Zounds! It seems ideas really do matter in international politics and strategy. The South China Morning Post carried a long article last week confirming the influence Alfred Thayer Mahan now exercises in China. Someone should run with that topic—forthwith! Not that Chinese scholars or practitioners of a nautical bent are bashful about advertising their enthusiasm for Mahanian theory. America’s sea-power prophet has been a fixture in Chinese strategic discourses about the sea for at least a decade.
Indeed, The Economist’s pseudonymous Asia correspondent, Banyan, reports that a Mahanite leaps out these days whenever you poke a military man hailing from India or China. Mahan, it seems, proffers the trident to any nation that bears some resemblance to the America of his day—the natural hegemon on the rise that’s endowed with certain building blocks of sea power and covets a dominant say over events in its nautical near abroad. His influence is nothing new. Great powers on the make, including Imperial Germany and Imperial Japan, seized on Mahan’s writings during his lifetime, using them as a guide to constructing fleets and making strategy.
Strange to say, but the idea that ideas count is a contested one in the groves of academe. Many international-relations scholars voice discomfort at differences between states and societies. One of the deans of the realist school likens nation-states to billiard balls. His sports metaphor implies that nation-states are basically the same size and shape, have the same dimensions, and bounce off one another in regular, predictable ways. Right … that’s why IR scholars routinely and faultlessly foretell international interactions.Enjoying this article? Click here to subscribe for full access. Just $5 a month.
The mania for quantitative analysis that grips our field also helps explain scholars’ allergy to intangibles like strategic thought and human motives. How do you measure an idea? What units of measurement do you assign when forecasting the doings of governments or institutions? Better to measure what we can measure. Counting ships and aircraft or tallying up technical characteristics like ranges and payloads is straightforward relative to estimating how a different society—or, in the cases of India and China, a different civilization within a state—thinks about maritime endeavors and seeks its destiny on the wine-dark sea.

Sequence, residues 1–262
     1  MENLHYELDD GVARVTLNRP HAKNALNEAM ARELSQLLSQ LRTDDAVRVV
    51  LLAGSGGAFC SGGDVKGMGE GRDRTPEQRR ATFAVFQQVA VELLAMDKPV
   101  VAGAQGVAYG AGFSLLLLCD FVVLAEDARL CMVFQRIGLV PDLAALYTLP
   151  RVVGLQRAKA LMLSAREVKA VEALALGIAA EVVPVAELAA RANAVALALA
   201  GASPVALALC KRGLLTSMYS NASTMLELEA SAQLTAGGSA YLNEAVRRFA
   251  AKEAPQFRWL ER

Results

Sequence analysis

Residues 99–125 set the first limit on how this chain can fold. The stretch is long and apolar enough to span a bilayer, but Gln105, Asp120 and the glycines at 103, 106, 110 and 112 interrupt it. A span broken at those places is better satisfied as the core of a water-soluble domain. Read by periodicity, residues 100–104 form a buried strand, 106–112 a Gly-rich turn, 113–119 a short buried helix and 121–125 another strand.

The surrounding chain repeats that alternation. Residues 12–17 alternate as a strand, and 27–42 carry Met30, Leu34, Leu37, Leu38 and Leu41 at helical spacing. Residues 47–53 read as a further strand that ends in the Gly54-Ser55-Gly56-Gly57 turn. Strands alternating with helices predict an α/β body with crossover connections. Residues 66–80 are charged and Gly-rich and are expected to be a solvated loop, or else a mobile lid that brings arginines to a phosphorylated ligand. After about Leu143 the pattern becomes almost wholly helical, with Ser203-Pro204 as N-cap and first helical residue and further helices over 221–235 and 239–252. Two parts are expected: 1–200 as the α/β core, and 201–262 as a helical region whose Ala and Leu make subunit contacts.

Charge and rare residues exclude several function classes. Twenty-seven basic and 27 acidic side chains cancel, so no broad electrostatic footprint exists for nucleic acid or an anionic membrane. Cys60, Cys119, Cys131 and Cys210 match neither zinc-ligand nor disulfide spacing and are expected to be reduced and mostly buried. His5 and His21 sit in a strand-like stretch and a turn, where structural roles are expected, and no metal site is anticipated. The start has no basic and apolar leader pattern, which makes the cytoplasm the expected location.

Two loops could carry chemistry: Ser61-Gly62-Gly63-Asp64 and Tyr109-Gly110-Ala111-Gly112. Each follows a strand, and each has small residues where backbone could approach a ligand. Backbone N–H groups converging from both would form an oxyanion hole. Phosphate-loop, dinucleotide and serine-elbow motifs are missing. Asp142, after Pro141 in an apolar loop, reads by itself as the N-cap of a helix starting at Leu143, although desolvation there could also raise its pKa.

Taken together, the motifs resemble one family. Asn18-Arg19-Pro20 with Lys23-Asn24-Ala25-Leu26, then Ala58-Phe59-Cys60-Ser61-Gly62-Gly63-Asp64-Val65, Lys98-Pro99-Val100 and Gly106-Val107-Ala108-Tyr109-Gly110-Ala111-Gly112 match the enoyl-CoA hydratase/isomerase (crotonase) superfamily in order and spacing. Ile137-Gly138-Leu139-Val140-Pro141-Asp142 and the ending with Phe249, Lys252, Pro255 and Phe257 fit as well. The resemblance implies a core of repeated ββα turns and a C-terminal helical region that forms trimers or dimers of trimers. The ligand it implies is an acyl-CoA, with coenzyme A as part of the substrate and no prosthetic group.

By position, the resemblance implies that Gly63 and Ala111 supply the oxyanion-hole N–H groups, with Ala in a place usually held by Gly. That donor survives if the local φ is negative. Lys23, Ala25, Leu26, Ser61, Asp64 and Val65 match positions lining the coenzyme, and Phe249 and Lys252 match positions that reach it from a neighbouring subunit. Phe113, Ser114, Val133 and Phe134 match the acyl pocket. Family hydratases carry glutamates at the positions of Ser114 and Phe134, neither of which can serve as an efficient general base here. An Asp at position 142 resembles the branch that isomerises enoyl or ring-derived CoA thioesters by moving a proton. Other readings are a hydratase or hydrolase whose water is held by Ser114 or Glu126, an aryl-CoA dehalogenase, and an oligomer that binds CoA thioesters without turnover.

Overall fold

Give me decidedly non-quantitative scholars like Mahan’s contemporary Sir Julian Corbett any day. Sir Julian was fascinated with how navies had configured fleets and men-of-war over the centuries. Looking back as far as Henry VIII’s reign, he devoted inordinate attention to such intricacies as the evolving meaning of ship classifications like “battleship” and “cruiser.” Change didn’t arise solely from material factors like new propulsion or weapons technology. Corbett vouchsafes that “the classes of ships which constitute a fleet are, or ought to be, the expression in material of the strategical and tactical ideas that prevail at any given time.”
The make-up of ships and fleets, then, varies not just with “the material in vogue” but with how people think about amassing and using naval power. Even in the centuries before warriors and statesmen studied the profession of arms systematically, writes Corbett, “nebulous and intangible” theories about battle on the main “seem to have exerted an ascertainable influence on the constitution of fleets.” And indeed, it’s a comforting thought that seagoing powers don’t just build ships and armaments at random, then improvise tactics, operational methods, and strategy on the fly. They formulate ideas about what the nation needs to accomplish, then try to match forces to political and strategic goals.
So by all means, let’s keep track of the material dimension. No one disputes its importance. But let’s also bear in mind that bean-counting comprises only part of the strategic picture. A wise U.S. Air Force officer once proclaimed that people, ideas, and hardware—in that order—are the determinants of martial encounters between societies. Just so. Concentrating purely on one factor, to the exclusion of the others, begets myopia.